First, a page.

Bursting onto the scene with their 2003 debut "Permission To Land," British glam rockers The Darkness revived the hair-band hooks and costumed posturing lost in the wake of '90s grunge. Despite the album going platinum in four countries, its follow-up received a lukewarm reception and the band fell prey to a long list of textbook rock 'n' roll pitfalls.
After a five-year hiatus, the band reunited in 2011. They've since released two well-received albums and toured with Lady Gaga . Currently featuring three of four original members, The Darkness added drummer Rufus Tiger Taylor (son of Queen drummer Roger Taylor) last year.
Prepping for a run of tour dates before finalizing a new record, charismatic frontman Justin Hawkins spoke with DiscoverSD from his home in Switzerland. He and the band make a stop at San Diego's House of Blues on April 10.
Q: How are you?
A: I'm pretty spectacular at the moment, really. I'm walking my dog, there's no fog, and it's night. The city is in the valley and you can see the Lake of Constance over in the distance. It's rather nice.
Q: Anything left to do before the tour starts?
A: I think one of the most important things we do is look at each other's dressing-up box and decide what we're going to wear. It's crucial, obviously.
Q: Have you got yours figured out?
A: I'll be wearing something quintessentially Americanized. Hopefully it won't upset anybody.
Q: Can you elaborate?
A: Well, I don't want to spoil it for you. But here's a clue - when's the last time you watched an early Gap Band video? (laughs)
Q: Ha! Awesome. Now, is this a democratic process?
A: Absolutely! Everyone puts his ego aside and we just try and showcase (bassist) Frankie (Poullain)! The most important thing is that he shines out like a beacon - a growling, pointing beacon that mesmerizes the ladies in the first five or six rows. Beyond that, we've just got to make sure that we complement his outfit.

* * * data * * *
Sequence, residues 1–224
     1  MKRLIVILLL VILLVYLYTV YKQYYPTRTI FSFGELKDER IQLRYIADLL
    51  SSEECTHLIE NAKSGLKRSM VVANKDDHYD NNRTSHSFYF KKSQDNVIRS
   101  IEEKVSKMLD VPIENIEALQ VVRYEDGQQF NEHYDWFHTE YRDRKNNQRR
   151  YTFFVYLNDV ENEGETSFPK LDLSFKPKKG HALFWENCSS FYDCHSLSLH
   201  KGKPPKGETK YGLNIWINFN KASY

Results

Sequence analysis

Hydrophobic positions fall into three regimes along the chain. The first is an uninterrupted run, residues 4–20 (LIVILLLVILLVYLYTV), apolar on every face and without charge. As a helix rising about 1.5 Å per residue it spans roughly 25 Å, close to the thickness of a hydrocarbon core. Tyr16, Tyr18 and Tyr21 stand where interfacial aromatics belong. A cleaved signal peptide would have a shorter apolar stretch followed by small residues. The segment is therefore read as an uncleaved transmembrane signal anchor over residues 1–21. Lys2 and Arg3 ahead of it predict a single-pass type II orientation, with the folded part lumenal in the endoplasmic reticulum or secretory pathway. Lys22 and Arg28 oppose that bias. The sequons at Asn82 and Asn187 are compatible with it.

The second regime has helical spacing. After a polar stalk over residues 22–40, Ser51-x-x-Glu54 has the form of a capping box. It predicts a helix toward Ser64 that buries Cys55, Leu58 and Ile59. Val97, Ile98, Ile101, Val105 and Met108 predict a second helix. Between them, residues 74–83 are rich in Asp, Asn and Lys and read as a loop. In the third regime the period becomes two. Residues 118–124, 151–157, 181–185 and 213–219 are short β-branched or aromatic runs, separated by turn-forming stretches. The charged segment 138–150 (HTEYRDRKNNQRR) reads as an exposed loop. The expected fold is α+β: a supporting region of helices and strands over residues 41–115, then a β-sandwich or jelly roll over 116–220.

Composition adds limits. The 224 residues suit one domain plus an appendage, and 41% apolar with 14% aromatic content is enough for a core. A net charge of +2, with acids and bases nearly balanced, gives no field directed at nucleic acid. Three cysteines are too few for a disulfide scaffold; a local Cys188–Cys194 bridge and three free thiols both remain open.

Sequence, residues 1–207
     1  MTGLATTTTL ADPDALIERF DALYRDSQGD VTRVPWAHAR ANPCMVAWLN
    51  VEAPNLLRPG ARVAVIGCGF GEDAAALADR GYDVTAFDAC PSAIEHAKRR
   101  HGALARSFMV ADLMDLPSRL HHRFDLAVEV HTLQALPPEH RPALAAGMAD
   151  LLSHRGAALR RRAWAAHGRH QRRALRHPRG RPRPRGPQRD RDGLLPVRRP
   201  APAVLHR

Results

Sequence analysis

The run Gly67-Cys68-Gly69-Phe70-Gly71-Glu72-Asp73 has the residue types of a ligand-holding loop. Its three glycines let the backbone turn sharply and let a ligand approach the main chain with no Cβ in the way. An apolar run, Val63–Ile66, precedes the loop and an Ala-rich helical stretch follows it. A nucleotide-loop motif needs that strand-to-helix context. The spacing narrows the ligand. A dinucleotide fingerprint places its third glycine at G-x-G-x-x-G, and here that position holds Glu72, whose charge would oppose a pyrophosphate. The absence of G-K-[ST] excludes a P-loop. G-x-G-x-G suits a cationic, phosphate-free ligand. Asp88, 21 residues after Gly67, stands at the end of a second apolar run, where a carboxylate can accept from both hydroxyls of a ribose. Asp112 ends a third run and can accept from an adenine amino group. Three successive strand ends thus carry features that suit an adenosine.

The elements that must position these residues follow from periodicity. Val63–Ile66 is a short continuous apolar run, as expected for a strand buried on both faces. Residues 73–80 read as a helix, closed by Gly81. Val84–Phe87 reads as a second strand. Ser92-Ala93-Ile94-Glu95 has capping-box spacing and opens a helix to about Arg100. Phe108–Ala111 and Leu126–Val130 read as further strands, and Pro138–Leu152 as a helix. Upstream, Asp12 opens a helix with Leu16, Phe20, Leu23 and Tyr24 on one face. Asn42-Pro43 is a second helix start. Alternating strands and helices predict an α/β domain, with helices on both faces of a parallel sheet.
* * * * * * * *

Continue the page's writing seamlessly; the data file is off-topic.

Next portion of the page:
Q: He sings a song now. Will you be playing "Conquerors?"
A: I'd love to hear that in the set. And I get to play bass as well - give my voice a rest. It's quite nice to let someone else have a go, you know? But should I log that as a request?
Q: For sure.
A: Great. I'll see what I can do. (laughs)
Q: Is it difficult to continue being the Pied Piper of the party now that you're not indulging in all the things that come with it?
A: It took me a little while to get the balance right. I found it difficult to be around at first, but was drawn to it as well. Now I just love it. I particularly enjoy being around drunk people. And I'm usually in a room where that's everyone but me (laughs). When I wasn't comfortable with that, it was a bit more challenging. But I still have a great time, all the time. It's just in a different way. And I'm not feeding a superiority complex or something like that. I genuinely enjoy hanging out with drunk people.
Q: What's next? How is the new album coming?
A: We already have a few songs prepared. We're hoping to get our new album out by the end of this year or the beginning of next. It's just about finding the time to record them. And I've actually always been terrified of the process of regrouping to make an album. I always worry about "what if I can't think of anything?" (laughs) I've never had writer's block as such, but it's definitely a fear. But I'm reassured by the fact that I worry about it. At least I care. And I think that's it. As long as you care, everything's all right.
Scott McDonald is a writer, on-air personality and consultant with 15 years of experience in the San Diego music scene. He has interviewed hundreds of artists, from the legendary to the underground, for print and television. Follow McDonald and his melodic musings on Twitter @eight24_ or Instagram @scotteight24. Send your music musts to firstname.lastname@example.org.